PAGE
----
Walter's Random Musings
These are the Powerpoint slides from a presentation I gave at the "Internet Librarian" conference on Oct 27th 2009. As with all my Powerpoints, it is really just there to cue me to talk about stuff, and the stuff is not necessarily covered on the slides. However, I hope it might be of some use to those who were not there.
From about 1860 to the 1920s, proper evening wear was a unvarying uniform of black tail coat, white bow tie, black or white vest (there seems to have been some personal latitude in selecting a vest--black being the most common) and black trousers, with a white, heavily starched shirt. The only thing that changed was the collar, which followed the current fashion.
Most of the vintage dance events around here say things like "Historical attire suggested but not required" or "..admired but not required". The problem is, what does it mean to someone who doesn't have the historical costume. Sure, it's not required, but what is?
One of the big challenges in putting on a vintage dance event is finding the right hall. Here are a few thoughts on the topic from someone who has been doing it for a few decades.
I gave a presentation called "Marketing with Everything You've Got: the interconnectedness of all things" at the latest convention of the users of the Library automation system that my employer uses (the vendor is called SIRSI/Dynix).
The presentation advocates a holistic approach to marketing that first emphasizes good customer service. While the Powerpoint slides lack much of my narrative, they do give a fair outline of my arguments.
There has been much talk lately about torture -- with the defenders asserting that, moral objections aside, it was effective and therefore justified. The "ticking timebomb" is held up as the exemplary scenario. I'm afraid this is illogical, given the ultimate dynamic of torture.
It looks like venerable institutions like the Smithsonian and Eastman collection are putting their photo archives up on Flickr. I haven't been able to find a proper "portal" that links to all of them, but here's what I have found:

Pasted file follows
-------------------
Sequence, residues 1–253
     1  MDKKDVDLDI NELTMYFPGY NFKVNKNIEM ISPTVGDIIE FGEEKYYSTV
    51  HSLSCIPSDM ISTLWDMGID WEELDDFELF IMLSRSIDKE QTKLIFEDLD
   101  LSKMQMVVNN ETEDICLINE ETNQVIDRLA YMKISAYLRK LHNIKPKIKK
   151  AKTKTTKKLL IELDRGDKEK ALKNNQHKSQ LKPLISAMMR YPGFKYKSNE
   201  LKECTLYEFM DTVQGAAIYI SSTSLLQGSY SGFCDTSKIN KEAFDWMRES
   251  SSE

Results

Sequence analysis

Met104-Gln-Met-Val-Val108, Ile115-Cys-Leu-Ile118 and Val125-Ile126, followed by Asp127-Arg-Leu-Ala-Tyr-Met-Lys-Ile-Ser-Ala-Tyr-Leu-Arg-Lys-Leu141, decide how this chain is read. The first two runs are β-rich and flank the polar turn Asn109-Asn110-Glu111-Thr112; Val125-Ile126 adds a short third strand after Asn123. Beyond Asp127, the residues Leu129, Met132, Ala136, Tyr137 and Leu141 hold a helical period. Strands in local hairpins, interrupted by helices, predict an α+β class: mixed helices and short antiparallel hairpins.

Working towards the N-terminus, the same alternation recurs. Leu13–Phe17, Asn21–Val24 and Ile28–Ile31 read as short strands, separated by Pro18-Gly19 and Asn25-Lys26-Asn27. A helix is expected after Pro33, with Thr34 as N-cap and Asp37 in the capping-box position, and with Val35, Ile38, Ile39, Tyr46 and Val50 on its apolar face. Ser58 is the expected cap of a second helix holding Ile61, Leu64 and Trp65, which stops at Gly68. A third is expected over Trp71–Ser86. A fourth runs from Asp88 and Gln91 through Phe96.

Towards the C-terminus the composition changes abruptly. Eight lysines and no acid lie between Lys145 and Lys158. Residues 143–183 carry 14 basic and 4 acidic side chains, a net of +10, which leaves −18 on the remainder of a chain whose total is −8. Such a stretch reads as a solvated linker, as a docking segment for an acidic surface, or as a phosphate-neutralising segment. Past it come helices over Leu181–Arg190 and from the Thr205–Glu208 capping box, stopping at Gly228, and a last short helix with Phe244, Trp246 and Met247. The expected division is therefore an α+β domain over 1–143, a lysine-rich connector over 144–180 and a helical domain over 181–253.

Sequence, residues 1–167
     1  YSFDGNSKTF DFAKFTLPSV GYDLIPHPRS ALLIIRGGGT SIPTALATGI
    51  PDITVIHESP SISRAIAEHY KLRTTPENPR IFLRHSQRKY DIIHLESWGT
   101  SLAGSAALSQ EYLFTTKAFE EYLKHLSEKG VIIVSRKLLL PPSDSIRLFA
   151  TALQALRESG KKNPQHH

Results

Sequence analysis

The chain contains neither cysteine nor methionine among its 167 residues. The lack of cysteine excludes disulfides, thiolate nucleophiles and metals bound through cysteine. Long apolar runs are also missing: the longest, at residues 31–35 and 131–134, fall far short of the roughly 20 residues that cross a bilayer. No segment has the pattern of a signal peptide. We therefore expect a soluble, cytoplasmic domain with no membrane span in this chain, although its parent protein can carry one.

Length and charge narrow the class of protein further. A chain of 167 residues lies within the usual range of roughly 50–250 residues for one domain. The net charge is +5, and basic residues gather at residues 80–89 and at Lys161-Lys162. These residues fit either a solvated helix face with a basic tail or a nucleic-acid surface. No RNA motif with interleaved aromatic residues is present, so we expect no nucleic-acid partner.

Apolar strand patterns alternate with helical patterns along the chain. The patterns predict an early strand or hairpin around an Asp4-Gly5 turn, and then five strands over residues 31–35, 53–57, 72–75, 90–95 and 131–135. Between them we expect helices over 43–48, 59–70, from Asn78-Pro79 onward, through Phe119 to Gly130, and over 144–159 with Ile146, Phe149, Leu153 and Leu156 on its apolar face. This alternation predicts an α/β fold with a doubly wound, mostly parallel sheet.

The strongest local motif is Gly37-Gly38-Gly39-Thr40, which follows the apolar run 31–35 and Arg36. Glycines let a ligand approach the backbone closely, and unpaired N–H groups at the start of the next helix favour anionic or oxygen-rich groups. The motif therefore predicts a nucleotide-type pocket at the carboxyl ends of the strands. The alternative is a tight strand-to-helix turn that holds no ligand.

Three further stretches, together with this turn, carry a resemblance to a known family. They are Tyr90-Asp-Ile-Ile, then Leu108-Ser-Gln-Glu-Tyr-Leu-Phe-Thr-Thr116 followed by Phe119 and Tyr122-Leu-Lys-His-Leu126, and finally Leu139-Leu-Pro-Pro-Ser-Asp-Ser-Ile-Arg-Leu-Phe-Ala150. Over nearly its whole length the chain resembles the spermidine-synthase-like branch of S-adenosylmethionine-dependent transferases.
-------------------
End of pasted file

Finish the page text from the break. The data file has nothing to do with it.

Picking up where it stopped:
Nationaal Archief Netherlands
In my job as a corporate web guy, and in my capacity as a compulsive organizer of events, I have had a lot of cause to ponder the use of technology to promote what ever it is I am involved in. Here are a few random thoughts for others in the same boat.
Lately I have been pondering the situation of the "civilian re-enactor". This is someone who chooses to portray a non-military person at public history events. This civilian often finds him or herself marginalized at events that are really all about soldiers marching about and playing "bang you're dead" or gunfighters doing what ever gunfighters do, as well as also target shooting or playing "bang you're dead".
Further, the civilian is often, by choice and situation a free agent without the support provided by an established group. This can be very isolating, and seriously degrade one's quotient of fun, with nothing much to do and no one to talk to.
Modern technology however offers an interesting opportunity to mitigate the negative aspects of wanting to portray the ordinary man, woman or child of the era while increasing the fun and impact of our activities.
A modern phenomenon is the "flash mob", where a group of individuals use email, texting, social networks, cell phones and the like to create collective action. Often it's things like political protests or stunts. However, this same model of the flash mob can be applied to our hobby, and allow the benefits of a supportive group of like minded people without the complexity and constraint of formal organizations.
I would like to suggest that we who portray historical folk embrace the model of the "flash mob" and use technology to make our mark on the world.
In the business of putting on historical events with appropriate music, one frequently encounters the need to find appropriate sheet music. Further, when one has been doing historical events for many years, one can get a bit tired of the same tunes all the time, and want to dig up something new--which is to say something that everyone hasn't heard yet.
Fortunately, there seems to be a growing collection of sites on the web that can be tapped for historical sheet music. Of course, with copyright laws being what they are, you aren't going to find much past 1925, but if your interests lie in the Victorian or Ragtime eras (and occasionally earlier) there's some good stuff out there free of charge.
Here are the ones I know about. If you know some more, please add them via "comments".